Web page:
Template:Infobox Company The Harley-Davidson Motor Company Template:Nyse is a manufacturer of motorcycles based in Milwaukee, Wisconsin, making it one of the two remaining American mass-producer of motorcycles (along with Victory Motorcycles). The company emphasizes heavy bikes designed for cruising, bikes known for their distinctive exhaust noise.
Harley-Davidson motorcycles are distinctive in design and attract a loyal following. Harley-Davidson motorcycles hold their resale value very well compared to other vehicles. A well maintained vehicle might never drop in value at all, although regular maintenance and customization are expected.
Detractors contend that Harleys are badly engineered, under-powered and under-performing, and have poor handling and suspension. This is attributed to an American pedigree that favors designs for long, low-speed cruising on flat, straight roads.
The company supplies many domestic police forces with their motorcycle fleets. Harleys are especially noted for the tradition of heavy customization that gave rise to the chopper-style of motorcycle. It also licenses its logo, a profitable side business that now makes more money for the company than the motorcyles do.
- 1 The Harley-Davidson V-twin engine
- 2 Model designations
- 3 History
- 4 Events
- 5 Harley Owners Group
- 6 See also
- 7 External links
- 8 References
The Harley-Davidson V-twin engine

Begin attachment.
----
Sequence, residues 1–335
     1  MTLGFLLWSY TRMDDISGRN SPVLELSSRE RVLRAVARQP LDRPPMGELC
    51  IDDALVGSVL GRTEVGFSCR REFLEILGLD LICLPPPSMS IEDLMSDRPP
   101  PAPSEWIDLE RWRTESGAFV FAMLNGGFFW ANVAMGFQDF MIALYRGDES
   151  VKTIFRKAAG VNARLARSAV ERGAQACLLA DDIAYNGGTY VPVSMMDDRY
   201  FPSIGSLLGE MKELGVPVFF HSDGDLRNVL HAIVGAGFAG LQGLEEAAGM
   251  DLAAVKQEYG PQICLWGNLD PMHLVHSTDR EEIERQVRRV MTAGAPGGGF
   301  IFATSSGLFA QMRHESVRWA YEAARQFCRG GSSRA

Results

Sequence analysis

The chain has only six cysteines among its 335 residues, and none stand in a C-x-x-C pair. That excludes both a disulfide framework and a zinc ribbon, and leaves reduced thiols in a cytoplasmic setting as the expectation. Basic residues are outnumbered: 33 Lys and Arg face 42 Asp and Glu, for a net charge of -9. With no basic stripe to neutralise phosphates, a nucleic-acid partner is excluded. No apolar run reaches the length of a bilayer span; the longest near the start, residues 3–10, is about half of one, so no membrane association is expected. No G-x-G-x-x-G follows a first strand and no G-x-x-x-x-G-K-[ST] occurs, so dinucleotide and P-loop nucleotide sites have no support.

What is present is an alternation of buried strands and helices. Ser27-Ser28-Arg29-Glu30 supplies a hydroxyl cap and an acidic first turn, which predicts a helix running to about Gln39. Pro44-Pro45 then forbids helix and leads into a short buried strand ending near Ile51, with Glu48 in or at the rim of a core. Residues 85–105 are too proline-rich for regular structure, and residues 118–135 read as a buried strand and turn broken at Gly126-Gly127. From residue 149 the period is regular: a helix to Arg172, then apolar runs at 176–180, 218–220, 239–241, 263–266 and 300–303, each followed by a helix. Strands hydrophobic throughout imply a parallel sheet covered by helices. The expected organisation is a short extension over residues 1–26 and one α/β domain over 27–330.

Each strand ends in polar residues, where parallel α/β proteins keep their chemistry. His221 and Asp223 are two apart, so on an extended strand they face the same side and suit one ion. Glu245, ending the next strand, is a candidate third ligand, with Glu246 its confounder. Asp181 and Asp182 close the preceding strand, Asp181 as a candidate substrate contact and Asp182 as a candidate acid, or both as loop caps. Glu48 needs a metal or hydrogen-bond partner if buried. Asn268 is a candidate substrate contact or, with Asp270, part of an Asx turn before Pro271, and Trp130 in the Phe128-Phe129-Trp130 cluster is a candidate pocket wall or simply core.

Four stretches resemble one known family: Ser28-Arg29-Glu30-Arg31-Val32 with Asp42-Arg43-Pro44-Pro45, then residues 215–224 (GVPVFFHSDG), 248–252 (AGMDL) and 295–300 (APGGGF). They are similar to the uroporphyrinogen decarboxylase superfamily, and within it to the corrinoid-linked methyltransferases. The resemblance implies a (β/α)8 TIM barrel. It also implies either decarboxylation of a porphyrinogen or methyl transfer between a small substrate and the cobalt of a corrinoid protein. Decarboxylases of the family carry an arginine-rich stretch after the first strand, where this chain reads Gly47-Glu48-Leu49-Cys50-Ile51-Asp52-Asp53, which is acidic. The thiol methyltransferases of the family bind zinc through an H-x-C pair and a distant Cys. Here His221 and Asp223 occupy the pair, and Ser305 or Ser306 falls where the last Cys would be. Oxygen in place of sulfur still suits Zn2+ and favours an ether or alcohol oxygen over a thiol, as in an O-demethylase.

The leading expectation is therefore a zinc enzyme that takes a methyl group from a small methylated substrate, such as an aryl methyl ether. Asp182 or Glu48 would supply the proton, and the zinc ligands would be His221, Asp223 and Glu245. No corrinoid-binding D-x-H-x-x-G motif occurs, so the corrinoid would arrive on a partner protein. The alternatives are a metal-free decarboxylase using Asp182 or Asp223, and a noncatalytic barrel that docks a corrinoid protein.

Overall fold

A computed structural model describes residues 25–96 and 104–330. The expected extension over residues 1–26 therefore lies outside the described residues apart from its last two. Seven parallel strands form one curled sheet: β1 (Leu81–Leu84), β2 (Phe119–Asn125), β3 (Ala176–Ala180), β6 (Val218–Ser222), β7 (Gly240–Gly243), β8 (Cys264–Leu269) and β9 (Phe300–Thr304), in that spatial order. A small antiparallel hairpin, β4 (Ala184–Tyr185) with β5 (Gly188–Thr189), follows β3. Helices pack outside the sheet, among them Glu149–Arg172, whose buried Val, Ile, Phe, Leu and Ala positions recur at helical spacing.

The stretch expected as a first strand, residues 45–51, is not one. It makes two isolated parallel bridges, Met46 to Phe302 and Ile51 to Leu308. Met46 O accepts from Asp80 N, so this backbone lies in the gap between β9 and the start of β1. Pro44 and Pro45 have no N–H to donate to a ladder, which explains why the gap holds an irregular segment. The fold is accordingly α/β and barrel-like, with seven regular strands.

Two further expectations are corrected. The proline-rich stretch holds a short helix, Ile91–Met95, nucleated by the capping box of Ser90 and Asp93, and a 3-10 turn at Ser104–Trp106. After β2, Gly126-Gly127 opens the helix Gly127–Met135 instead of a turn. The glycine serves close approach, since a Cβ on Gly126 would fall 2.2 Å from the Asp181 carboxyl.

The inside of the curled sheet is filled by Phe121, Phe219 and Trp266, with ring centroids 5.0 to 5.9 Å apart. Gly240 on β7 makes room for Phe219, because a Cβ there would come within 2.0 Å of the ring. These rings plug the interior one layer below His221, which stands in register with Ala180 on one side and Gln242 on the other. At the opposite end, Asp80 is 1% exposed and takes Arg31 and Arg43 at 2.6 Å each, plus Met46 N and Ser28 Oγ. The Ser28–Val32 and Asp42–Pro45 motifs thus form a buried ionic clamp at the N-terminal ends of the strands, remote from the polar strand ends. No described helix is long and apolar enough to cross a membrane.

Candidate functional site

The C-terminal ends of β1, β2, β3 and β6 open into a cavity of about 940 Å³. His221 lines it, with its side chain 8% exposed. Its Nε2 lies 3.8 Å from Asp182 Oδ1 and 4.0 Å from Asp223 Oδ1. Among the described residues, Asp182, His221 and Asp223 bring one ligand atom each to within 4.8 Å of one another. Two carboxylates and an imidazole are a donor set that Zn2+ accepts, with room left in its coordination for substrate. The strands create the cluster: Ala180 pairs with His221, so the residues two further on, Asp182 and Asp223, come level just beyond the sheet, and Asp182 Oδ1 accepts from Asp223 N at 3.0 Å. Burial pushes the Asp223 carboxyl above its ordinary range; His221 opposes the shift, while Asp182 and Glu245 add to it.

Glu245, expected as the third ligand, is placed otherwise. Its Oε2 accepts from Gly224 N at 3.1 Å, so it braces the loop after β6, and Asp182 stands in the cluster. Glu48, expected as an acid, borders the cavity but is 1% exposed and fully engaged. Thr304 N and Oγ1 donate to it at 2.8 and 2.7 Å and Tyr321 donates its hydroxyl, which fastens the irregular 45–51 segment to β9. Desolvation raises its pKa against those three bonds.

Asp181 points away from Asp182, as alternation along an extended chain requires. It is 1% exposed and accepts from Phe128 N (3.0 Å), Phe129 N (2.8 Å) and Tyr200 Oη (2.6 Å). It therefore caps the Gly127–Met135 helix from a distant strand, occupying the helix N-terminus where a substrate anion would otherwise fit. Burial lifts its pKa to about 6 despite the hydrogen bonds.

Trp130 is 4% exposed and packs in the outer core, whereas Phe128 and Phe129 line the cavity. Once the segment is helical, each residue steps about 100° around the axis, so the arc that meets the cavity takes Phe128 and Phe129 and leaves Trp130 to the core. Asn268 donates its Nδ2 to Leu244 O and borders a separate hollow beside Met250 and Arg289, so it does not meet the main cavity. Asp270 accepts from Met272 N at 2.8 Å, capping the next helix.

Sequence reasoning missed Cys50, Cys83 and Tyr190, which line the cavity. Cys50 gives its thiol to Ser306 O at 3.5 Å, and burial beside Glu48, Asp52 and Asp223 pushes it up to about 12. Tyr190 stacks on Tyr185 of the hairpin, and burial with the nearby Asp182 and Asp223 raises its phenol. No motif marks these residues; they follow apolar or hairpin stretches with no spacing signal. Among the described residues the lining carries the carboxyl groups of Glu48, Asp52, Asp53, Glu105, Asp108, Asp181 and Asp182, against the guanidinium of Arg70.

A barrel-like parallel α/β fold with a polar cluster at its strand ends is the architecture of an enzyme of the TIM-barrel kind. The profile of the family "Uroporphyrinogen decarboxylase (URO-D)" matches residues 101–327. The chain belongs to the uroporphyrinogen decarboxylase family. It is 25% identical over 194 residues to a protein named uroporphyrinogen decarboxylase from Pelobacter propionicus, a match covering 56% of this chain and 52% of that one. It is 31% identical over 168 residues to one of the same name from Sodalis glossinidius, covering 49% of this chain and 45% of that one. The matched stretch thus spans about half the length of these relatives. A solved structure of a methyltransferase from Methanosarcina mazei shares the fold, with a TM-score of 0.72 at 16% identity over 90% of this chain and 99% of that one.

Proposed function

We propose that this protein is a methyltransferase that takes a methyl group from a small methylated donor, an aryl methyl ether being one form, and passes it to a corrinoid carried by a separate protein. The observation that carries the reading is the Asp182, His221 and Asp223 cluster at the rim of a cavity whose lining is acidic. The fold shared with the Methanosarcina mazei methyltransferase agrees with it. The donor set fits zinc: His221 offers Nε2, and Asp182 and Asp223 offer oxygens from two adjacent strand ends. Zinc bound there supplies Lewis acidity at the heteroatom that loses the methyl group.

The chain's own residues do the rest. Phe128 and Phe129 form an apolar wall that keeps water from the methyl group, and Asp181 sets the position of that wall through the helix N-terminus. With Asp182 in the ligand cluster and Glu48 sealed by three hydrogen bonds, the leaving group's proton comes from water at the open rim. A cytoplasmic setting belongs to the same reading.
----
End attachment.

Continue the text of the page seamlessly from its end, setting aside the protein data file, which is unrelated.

The classic Harley-Davidson engines are two-cylinder, V-twin engines with the pistons placed at a 45 degree angle. The crankshaft has a single pin, and both pistons are connected to this pin through their connecting rods. This design causes the pistons not to fire at even intervals.
On the V-twin, the sequence is as follows:
- the first piston fires (this is the 0° position)
- the other piston fires at 315° into the stroke
- there is a 405° gap (as both cylinders go through their exhaust stroke) until the first piston fires again
This design, which is covered under several United States patents, gives the Harley-Davidson V-twin its unique "potato-potato" sound.
On 1 February 1994, the company filed a trademark application for the distinctive sound of a Harley-Davidson motorcycle engine: "The mark consists of the exhaust sound of applicant's motorcycles, produced by V-twin, common crankpin motorcycle engines when the goods are in use". Nine of Harley-Davidson's competitors filed comments opposing the application, arguing that cruiser-style motorcycles of various brands use a single-crankpin V-twin engine which produce a similar sound. These objections were followed by litigation. After six years, Harley-Davidson withdrew their trademark application.
The Big Twins
- Knucklehead, 1936-47, 61 and 74 cubic inches (1.0 and 1.2 L)
- Panhead, 1948-65, 61 and 74 cubic inches (1.0 and 1.2 L)
- Shovelhead, 1966-85, 74 cubic inches (1.2 L) and 80 cubic inches since late 1978
- Evolution (aka "Evo" and "Blockhead"), 1984-99, 80 cubic inches (1.3 L)
- Twin Cam 88 (aka "Fathead") 1999-present, 88 cubic inches (1.4 L)
- Twin Cam 88B (counter balanced version of the Twin Cam 88) 2000-present, 88 cubic inches (1.4 L)
- Revolution, 2001-present, 69 cubic inches (1.13 L), 60 degree V-twin (all of the above are 45 degrees), Liquid cooled (all of the above are air cooled)
- Ironhead, 1967-1984, 900, then 1000 cc
- Sportster (a smaller version of the Evolution engine), 1985-present, 883 and 1200 cc
2002 water-cooled engine
- Revolution, 2002-present, 69 cubic inches (1.1 L), used in VRSC (V-Twin Racing Street Custom) models. At first it was used in a single model called the V-Rod; it now comes in four consumer models: The V-Rod, the "roadster-styled" Street Rod, the long and low Night Rod, and the VRSCSE² Screamin’ Eagle V-Rod.
- There is also a non-street fifth variant: the VRXSE SE Destroyer (comes stock with larger engine, nitrous oxide injection, wheelie bar, among other features.